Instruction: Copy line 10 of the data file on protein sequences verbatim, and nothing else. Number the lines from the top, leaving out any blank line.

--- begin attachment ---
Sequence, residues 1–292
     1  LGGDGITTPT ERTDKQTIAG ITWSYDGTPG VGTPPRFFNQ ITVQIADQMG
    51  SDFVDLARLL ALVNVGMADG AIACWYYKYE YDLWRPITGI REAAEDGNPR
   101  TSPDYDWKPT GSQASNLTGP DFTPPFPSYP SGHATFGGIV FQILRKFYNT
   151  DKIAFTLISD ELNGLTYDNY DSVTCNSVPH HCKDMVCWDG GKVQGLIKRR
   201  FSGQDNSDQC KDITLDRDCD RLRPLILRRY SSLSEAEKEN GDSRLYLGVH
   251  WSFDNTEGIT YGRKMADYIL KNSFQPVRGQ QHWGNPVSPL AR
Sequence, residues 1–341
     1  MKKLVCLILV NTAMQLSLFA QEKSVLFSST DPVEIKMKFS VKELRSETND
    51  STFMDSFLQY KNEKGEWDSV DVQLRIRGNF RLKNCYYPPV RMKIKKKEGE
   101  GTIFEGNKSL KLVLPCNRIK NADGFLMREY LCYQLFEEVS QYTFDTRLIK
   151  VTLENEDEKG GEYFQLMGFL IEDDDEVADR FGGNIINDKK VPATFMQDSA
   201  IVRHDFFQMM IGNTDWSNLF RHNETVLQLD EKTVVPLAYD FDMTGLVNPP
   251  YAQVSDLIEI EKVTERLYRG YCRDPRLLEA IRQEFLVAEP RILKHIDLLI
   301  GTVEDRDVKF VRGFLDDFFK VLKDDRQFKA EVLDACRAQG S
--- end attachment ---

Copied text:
    51  STFMDSFLQY KNEKGEWDSV DVQLRIRGNF RLKNCYYPPV RMKIKKKEGE